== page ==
Charity warns of two-tier system for asylum seekers in UK

British Red Cross says arrivals have to live in unsanitary and unsafe conditions

A fire has broken out and fire engines have been called to Napier Barracks in Folkestone. Courtesy Care4Calais

The UK government plans to reform the asylum system but the British Red Cross charity warns that a two-tier system risks being created that would see anyone arriving via a third country being held in reception centres, potentially for months.

Asylum seekers have to live in dirty and unsafe accommodation for lengthy periods while their claims are processed, according to the latest report on Britain's treatment of migrants.

The British Red Cross tells of accommodation so ramshackle that a roof collapsed and how migrants were forced to wear filthy clothing to keep warm.

The report follows a warning last week from the Refugee Council that asylum seekers face food shortages and racism in UK hotels, with one teenage boy needing hospital treatment because of the poor food provided.

The Red Cross report was based on the accounts of 100 people that the charity supports in asylum accommodation. It found that requests for medical help were ignored and staff searched belongings without permission.

"We are very concerned about the living conditions asylum seekers are facing as they wait months for their applications to be processed," said Mike Adamson, the charity's chief executive.

"We believe that people who have experienced some of the worst horror imaginable - fleeing war, persecution and violence - should be able to expect a safe, clean place of refuge when they arrive in the UK.”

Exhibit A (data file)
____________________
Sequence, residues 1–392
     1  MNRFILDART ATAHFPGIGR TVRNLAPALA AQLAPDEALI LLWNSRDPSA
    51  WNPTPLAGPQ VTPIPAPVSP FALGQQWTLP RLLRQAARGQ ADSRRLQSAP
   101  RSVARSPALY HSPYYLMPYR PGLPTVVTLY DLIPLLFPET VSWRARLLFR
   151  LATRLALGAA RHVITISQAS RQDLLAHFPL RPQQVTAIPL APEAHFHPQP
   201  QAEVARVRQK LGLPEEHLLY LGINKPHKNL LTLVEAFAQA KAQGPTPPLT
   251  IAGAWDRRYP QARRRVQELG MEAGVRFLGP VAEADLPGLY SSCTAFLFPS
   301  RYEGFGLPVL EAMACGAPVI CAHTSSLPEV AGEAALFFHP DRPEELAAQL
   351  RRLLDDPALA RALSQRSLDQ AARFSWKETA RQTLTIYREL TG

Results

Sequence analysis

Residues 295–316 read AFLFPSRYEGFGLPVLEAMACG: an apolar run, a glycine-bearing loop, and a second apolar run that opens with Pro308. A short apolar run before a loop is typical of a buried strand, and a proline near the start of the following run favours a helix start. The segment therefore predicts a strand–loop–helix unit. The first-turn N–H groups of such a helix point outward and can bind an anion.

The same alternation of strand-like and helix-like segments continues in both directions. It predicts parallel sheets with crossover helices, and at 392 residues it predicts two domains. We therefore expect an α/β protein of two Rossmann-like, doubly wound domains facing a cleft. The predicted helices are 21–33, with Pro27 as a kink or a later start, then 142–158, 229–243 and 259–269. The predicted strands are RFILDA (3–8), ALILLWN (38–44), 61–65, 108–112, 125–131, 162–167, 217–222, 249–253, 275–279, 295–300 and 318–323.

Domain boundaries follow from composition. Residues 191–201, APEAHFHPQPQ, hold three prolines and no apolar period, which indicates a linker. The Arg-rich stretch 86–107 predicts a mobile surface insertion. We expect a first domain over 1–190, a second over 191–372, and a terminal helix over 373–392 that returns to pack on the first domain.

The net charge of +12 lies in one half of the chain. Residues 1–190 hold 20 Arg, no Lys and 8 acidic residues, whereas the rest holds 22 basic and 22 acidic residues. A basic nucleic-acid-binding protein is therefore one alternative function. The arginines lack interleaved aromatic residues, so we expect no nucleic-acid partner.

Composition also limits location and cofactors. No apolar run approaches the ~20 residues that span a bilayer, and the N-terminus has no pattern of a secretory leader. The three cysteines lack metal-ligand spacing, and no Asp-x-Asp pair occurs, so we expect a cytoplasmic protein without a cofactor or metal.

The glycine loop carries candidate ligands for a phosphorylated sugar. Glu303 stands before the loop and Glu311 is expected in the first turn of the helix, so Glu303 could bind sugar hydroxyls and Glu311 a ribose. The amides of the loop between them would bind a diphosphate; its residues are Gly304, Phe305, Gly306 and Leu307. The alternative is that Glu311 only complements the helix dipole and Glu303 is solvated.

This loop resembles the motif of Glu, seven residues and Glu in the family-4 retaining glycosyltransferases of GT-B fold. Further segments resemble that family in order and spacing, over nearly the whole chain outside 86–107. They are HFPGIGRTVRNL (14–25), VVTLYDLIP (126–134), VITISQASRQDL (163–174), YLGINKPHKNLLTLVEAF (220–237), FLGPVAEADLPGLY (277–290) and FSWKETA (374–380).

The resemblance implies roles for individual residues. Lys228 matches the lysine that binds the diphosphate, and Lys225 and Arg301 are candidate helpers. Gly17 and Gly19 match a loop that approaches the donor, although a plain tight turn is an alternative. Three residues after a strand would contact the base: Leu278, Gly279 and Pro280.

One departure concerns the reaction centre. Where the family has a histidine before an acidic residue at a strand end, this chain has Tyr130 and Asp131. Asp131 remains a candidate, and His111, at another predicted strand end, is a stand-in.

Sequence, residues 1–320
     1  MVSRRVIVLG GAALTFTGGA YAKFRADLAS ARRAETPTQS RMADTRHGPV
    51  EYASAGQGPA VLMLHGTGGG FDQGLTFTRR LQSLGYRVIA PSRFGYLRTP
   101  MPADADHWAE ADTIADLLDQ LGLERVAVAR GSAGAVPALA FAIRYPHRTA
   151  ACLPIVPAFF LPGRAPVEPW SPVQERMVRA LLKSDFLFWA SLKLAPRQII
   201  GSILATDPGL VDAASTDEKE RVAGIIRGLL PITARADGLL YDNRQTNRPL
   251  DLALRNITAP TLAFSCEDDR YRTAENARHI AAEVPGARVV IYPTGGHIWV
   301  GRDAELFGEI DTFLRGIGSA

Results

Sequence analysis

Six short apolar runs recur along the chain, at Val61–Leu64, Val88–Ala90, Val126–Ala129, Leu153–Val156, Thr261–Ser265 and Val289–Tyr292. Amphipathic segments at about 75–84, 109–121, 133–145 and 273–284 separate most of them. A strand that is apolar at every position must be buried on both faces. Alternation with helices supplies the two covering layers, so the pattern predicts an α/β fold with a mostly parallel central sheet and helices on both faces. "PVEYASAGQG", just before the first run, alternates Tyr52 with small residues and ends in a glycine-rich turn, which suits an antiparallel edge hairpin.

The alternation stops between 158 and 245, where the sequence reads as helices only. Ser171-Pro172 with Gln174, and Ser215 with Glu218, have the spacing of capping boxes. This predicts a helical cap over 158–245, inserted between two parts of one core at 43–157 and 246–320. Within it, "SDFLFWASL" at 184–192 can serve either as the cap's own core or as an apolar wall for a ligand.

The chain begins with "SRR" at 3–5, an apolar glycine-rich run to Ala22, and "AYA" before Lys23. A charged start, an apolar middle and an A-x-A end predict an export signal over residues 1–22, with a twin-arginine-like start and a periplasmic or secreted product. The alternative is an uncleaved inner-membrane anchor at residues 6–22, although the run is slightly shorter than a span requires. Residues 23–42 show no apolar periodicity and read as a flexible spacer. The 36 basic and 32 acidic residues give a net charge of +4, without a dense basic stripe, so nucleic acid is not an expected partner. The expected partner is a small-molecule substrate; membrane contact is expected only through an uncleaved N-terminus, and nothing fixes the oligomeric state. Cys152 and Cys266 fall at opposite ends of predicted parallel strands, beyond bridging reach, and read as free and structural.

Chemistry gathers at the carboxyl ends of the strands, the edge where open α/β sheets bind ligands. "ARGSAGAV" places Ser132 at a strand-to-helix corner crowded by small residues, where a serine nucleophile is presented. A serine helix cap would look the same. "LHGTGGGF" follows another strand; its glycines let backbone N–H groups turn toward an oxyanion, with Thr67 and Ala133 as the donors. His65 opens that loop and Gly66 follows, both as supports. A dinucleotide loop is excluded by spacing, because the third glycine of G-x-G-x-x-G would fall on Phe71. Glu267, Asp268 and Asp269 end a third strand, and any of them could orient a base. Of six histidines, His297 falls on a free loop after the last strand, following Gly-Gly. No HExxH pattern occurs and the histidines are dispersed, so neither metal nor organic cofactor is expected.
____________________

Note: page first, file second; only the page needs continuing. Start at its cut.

The charity urged the government to work with charities and other bodies to find more housing in communities for new arrivals. “This is a once-in-a-generation opportunity to create a fair and effective approach to asylum, in line with British values of kindness and compassion,” said Mr Adamson.

The coronavirus pandemic led to a halt in evictions from accommodation for people who had received decisions on asylum claims.

It created a logjam with 64,000 in the system by the end of 2020, compared with the normal level of about 50,000. New arrivals have been sent to re-purposed military barracks and hotels to cover the shortage of suitable accommodation.

The Red Cross called for an immediate end to the use of military barracks as asylum accommodation.

A Home Office spokeswoman said: "We reject these claims. We always take the wellbeing of all those in the asylum system seriously.

"Our new plan for immigration will reform the broken asylum system. We will welcome people through safe and legal routes, while preventing abuse and reducing the pressures on the system created by parallel illegal routes."